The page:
The most important aspect to a successful wrestling career—apart from being a good wrestler, of course—is the wrestler's character potential. In WWE especially, character is one of the most important aspects to the wrestler's success. If they fail to deliver as a character or even basic mic skills, their career in the big leagues will be done. As important gimmicks are in the wrestling world, sometimes wrestlers with certain gimmicks fail before they even have a chance to succeed. Some worker's careers flop before their Not because of the workers themselves, but because the gimmick reeked of bad taste.
There is a common ideology in wrestling that no matter how bad a gimmick is, that gimmick should be able to get over if the wrestler is talented enough to get over despite their unfortunate gimmick. This is often supported by the fact that Dusty Rhodes got over while wearing polka dots, Daniel Bryan got over as a yes-chanting nerdy vegan, and The Undertaker got over as a dead zombie. However, some gimmicks just cannot get over no matter how talented the superstar is. This was common in WCW with guys like Mike Awesome flopping because they were saddled with some stupid gimmick like 70's era ladies man. Some gimmicks will always make a wrestler look bad no matter how good that wrestler is. This is common in WWE and has led to several talented wrestlers having disappointing WWE careers because they failed to get over with bad gimmicks. Here are some examples.
A motivational speaker gimmick is hard to get over, but Diamond Dallas Page tried his damndest to do just that. In WCW, DDP oozed charisma just by being DDP. Then, when he finally joined WWE during the 2001 Invasion angle, he had to tone himself down dramatically while playing the miscast role of the man who had been stalking Undertaker's wife, Sara, at the time. Once the dust from that angle had settled, DDP was repackaged as a motivational speaker who smiled awkwardly, was overly optimistic, and capped everything off with his catchphrase, "That's not a bad thing. It's a good thing!" To give credit where credit is due, DDP was clearly trying his hardest to make the gimmick work and it did get him a WrestleMania win against Christian, but it never led to any long-term success. It wasn't long after donning the gimmick that DDP left the company and, eventually, retired. WCW fans were disappointed with seeing what DDP had been reduced to on WWE soil and new fans just thought that the character was lame. WWE have been trying to reproduce the gimmick with Bo Dallas for the past few years, but seeing as he's received even less entertaining results, Dallas has just been a comedy jobber.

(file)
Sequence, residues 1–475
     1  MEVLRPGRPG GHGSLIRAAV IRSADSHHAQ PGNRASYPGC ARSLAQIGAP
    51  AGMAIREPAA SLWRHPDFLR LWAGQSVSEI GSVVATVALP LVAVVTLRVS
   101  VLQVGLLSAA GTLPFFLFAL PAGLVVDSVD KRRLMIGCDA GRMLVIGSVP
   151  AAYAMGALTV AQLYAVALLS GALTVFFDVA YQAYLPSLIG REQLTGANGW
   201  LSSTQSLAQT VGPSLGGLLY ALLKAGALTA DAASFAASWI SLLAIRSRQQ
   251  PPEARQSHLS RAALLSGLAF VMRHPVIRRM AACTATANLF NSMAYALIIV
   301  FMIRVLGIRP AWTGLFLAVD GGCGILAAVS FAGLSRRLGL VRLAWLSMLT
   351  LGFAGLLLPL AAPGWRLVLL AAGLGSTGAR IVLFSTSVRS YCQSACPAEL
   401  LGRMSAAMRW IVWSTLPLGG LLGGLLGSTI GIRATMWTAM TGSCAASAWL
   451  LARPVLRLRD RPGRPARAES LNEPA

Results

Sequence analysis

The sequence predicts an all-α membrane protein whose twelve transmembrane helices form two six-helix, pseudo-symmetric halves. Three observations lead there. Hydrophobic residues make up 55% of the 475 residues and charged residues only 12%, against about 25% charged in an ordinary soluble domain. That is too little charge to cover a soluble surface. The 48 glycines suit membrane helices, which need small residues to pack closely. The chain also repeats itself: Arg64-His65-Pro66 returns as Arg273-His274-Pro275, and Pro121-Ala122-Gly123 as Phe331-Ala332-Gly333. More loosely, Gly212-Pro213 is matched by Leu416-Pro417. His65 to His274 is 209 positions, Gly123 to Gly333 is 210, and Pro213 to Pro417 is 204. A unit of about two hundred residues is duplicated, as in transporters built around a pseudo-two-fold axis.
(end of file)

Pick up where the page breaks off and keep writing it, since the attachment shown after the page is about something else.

These two are lumped together for this entry because they essentially had the same gimmick and that same gimmick is what led to the downfall of their respective careers. That gimmick being of a copycat character who copied other gimmicks and dressing up like them. Haas started the trend some time in 2008. We saw him portray characters like CBL (JBL), Beth Phoenix (Glamahaas), etc. Years later, Damien Sandow picked up the gimmick, copying everyone from celebrities (Buzz Aldrin, Lebron James, etc) to WWE alumni (Bret Hart, Vince McMahon, etc). In all honesty, in terms of getting someone over, a copycat gimmick isn't a terrible way to do just that. The problem lies in the wrestler not moving on into their own character after getting over as a character. Sandow struck gold with his Mizdow gimmick and was getting the loudest pops of the night at one point. If he moved on from that program post-Mania 31 and found a new gimmick that had potential, Sandow would have succeeded on the roster. Instead, he continued copying different personas, most notably as Macho Mandow. That's what makes a copycat gimmick awful. By failing to capitalize on the cheers that a copycat garners as a copycat by then transitioning them into a better character with at least upper-card potential, Sandow and Haas' popularity dissipated and were released.